More Secure Air Travel with Secure Flight: One Month Advance Milestone Achievement

  • Date: December 02, 2010
  • Source: Admin
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The Department of Homeland Security (DHS) made an announcement proclaiming that all passengers on flights in and out of the country are being verified against government watchlists. This was done one month ahead of schedule in accordance with a 9/11 Commission recommendation. The Transportation and Security Administration (TSA) is now 100 percent responsible for vetting air passengers against terrorist watchlists.

The TSA uses Secure Flight to scan passenger manifests. The program screens names, date of birth, and gender and compares it to the terrorist watchlists. The screening is complete before a passenger receives the boarding pass, providing secure travel to all passengers. Additionally, Secure Flight helps prevent passenger misidentification with similar names on government watchlists. Airlines were previously responsible for making the check against watchlists.

“Each and every one of the security measures we implement serves an important goal: providing safe and efficient air travel for the millions of people who rely on our aviation system every day,” said Secretary Napolitano. “Secure Flight makes air travel safer for everyone by screening every passenger against the latest intelligence before a boarding pass is issued.”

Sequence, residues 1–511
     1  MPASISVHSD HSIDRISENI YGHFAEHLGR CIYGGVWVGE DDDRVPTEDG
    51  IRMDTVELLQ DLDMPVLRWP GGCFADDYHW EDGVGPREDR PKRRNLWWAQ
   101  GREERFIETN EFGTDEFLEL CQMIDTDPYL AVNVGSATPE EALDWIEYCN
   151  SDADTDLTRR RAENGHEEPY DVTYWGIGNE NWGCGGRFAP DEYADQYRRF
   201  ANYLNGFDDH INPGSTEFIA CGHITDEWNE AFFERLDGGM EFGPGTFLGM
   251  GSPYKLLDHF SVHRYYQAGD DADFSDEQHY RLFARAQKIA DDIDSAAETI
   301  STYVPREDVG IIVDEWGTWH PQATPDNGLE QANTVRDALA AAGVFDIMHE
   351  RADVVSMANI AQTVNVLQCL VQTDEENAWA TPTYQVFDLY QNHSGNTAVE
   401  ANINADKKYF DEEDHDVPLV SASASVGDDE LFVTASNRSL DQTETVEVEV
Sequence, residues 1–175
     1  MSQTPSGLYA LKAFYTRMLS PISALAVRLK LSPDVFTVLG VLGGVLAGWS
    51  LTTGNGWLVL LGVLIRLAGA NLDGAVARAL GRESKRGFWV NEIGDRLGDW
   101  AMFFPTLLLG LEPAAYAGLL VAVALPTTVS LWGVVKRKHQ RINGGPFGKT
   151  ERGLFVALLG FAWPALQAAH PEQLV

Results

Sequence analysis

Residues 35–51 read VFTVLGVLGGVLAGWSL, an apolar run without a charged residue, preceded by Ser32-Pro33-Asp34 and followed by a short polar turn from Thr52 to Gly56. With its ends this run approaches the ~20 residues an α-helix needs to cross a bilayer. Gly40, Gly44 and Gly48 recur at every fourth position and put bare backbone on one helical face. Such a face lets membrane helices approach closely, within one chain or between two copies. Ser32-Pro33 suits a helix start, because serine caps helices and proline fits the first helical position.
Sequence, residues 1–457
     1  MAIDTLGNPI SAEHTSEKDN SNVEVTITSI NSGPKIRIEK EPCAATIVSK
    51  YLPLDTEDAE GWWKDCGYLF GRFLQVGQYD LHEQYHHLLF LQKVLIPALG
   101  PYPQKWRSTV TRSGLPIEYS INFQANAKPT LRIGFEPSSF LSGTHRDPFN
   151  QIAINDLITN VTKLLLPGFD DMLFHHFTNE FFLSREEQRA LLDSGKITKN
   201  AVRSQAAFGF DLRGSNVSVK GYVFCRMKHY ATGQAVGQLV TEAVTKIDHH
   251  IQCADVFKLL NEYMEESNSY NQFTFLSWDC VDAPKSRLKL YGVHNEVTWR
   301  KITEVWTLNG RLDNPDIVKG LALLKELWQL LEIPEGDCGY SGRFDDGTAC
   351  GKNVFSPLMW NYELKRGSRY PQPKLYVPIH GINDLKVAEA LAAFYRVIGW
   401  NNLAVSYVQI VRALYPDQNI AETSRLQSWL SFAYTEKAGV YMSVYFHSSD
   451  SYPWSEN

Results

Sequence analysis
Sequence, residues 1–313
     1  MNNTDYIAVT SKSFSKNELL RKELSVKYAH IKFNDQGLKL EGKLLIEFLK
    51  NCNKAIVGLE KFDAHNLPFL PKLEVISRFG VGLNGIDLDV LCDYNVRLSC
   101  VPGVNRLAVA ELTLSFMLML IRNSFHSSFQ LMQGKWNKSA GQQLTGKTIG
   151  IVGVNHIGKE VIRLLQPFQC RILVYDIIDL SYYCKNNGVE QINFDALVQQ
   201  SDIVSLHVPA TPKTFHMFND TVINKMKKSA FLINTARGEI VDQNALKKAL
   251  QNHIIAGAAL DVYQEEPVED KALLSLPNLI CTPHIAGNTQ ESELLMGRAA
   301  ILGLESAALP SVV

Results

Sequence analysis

The Secure Flight program clears 99 percent of all passengers to print boarding passes at a self-serve kiosk or at home. Secondary screening will be done in case of a match on any of the watchlist parameters, subjecting the passenger to a law enforcement interview or prohibition from boarding an aircraft, depending on the case.

Law enforcement, advanced technology, international collaboration, intelligence and terrorist watchlist checks are among some of the many measures that run in and behind the scene, deployed by the TSA in its layered security approach (risk based) to ensure secure travel.

Canada to follow suit

Canada is likely to implement Secure Flight, surrendering details of its passengers to the U.S program. Bill C-42, An Act to amend the Aeronautics Act, requires Canadian airline carriers that fly over the U.S. to provide the Department of Homeland Security (DHS) with passenger information. This includes flights that fly through American airspace, drawing controversy in that it clashes with existing Canadian protection and privacy laws. Under Canada’s Passenger Protect Program, “airlines must compare passenger's names against a list that is controlled and managed by Transport Canada before a boarding pass is issued.”



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